Urinary estrone conjugate and pregnanediol 3-glucuronide enzyme immunoassays for population research

Kathleen A. O'Connor, Eleanor Brindle, Darryl J. Holman, Nancy A. Klein, Michael R. Soules, Kenneth L. Campbell, Fortüne Kohen, Coralie J. Munro, Jane B. Shofer, Bill L. Lasley, James W. Wood

Research output: Contribution to journalArticlepeer-review

87 Scopus citations


Background: Monitoring of reproductive steroid hormones at the population level requires frequent measurements, hormones or metabolites that remain stable under less than ideal collection and storage conditions, a long-term supply of antibodies, and assays useful for a range of populations. We developed enzyme immunoassays for urinary pregnanediol 3-glucuronide (PDG) and estrone conjugates (E1Cs) that meet these criteria. Methods: Enzyme immunoassays based on monoclonal antibodies were evaluated for specificity, detection limit, parallelism, recovery, and imprecision. Paired urine and serum specimens were analyzed throughout menstrual cycles of 30 US women. Assay application in different populations was examined with 23 US and 42 Bangladeshi specimens. Metabolite stability in urine was evaluated for 0-8 days at room temperature and for 0-10 freeze-thaw cycles. Results: Recoveries were 108% for the PDG assay and 105% for the E1C assay. Serially diluted specimens exhibited parallelism with calibration curves in both assays. Inter- and intraassay CVs were <11%. Urinary and serum concentrations were highly correlated: r = 0.93 for E1C-estradiol; r = 0.98 for PDG-progesterone. All Bangladeshi and US specimens were above detection limits (PDG, 21 nmol/L; E1C, 0.27 nmol/L). Bangladeshi women had lower follicular phase PDG and lower luteal phase PDG and E1Cs than US women. Stability experiments showed a maximum decrease in concentration for each metabolite of <4% per day at room temperature and no significant decrease associated with number of freeze-thaw cycles. Conclusions: These enzyme immunoassays can be used for the field conditions and population variation in hormone metabolite concentrations encountered in cross-cultural research.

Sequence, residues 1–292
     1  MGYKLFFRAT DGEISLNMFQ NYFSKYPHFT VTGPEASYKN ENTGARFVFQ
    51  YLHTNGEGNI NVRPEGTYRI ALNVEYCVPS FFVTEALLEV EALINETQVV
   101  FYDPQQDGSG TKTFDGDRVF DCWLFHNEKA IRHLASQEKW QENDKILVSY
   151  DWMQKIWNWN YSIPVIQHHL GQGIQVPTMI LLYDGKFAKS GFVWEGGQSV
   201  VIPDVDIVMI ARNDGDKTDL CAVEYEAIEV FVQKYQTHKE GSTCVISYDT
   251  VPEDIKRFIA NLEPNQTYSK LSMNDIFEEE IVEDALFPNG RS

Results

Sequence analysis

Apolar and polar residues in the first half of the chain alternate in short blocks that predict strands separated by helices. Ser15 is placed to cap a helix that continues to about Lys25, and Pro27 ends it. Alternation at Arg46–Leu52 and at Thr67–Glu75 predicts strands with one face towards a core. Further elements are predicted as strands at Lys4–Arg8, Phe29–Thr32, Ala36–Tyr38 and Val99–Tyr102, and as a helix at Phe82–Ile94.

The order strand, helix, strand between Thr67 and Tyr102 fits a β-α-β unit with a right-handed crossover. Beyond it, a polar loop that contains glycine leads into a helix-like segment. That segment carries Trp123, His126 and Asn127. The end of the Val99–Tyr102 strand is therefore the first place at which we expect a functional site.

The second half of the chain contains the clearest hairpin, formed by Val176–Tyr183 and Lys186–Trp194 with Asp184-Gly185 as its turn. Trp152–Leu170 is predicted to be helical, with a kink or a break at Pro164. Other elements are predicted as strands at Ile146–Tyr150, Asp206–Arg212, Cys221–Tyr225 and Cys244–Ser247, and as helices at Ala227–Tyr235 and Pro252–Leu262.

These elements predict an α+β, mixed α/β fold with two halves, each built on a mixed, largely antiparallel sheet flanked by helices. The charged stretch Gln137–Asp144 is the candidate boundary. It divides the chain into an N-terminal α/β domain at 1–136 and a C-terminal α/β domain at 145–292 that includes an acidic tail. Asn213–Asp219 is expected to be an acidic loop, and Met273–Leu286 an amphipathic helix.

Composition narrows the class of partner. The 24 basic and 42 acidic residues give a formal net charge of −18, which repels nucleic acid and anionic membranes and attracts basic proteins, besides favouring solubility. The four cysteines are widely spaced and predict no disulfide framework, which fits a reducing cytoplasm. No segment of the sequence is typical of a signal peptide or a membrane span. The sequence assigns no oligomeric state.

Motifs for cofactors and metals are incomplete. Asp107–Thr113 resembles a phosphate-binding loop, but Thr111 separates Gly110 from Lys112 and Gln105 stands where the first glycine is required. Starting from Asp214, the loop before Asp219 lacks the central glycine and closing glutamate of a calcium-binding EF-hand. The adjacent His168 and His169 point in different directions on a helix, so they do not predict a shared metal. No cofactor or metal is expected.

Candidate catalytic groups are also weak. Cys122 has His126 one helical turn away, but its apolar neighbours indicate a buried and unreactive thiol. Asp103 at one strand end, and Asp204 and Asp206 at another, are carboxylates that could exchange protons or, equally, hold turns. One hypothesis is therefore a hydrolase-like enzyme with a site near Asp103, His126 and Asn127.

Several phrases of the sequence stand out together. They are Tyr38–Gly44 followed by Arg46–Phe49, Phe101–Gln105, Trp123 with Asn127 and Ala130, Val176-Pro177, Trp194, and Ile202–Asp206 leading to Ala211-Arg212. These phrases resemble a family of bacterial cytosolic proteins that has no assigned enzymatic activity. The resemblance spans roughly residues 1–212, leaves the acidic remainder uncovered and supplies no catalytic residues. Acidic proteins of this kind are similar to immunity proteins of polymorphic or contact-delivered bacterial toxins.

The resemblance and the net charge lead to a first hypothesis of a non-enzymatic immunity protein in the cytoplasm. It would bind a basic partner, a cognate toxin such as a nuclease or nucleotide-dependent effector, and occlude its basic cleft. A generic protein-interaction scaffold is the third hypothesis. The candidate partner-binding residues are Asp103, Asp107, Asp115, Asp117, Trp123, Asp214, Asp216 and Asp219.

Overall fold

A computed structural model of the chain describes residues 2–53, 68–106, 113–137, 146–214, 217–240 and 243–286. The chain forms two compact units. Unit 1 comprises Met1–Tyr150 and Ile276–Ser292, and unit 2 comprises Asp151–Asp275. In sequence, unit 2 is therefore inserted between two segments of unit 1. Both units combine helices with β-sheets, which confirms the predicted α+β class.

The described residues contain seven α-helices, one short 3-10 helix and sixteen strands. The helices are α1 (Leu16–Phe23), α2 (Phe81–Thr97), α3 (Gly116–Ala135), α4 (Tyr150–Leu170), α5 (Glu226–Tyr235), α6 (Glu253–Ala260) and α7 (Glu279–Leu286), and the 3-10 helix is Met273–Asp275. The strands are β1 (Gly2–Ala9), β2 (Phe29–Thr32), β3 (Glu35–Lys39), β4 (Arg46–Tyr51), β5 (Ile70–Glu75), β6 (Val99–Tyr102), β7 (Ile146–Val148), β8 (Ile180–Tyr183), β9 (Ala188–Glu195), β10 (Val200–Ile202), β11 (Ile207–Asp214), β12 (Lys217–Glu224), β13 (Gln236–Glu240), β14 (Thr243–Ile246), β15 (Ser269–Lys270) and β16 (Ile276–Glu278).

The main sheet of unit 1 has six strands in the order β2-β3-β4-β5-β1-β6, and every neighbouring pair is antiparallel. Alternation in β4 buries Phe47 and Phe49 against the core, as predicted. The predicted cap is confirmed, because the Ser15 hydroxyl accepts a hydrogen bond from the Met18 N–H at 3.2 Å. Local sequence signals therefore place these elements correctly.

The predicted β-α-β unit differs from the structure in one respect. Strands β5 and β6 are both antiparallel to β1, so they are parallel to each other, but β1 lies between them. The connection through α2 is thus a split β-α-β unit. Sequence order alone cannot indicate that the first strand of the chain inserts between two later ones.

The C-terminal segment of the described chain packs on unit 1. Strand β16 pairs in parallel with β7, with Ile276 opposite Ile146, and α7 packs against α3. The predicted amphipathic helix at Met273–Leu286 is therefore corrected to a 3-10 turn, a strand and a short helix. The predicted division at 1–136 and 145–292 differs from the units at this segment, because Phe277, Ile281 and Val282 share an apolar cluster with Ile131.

Original languageEnglish (US)
Pages (from-to)1139-1148
Number of pages10
JournalClinical chemistry
Issue number7
StatePublished - Jul 1 2003

All Science Journal Classification (ASJC) codes

  • Clinical Biochemistry
  • Biochemistry, medical


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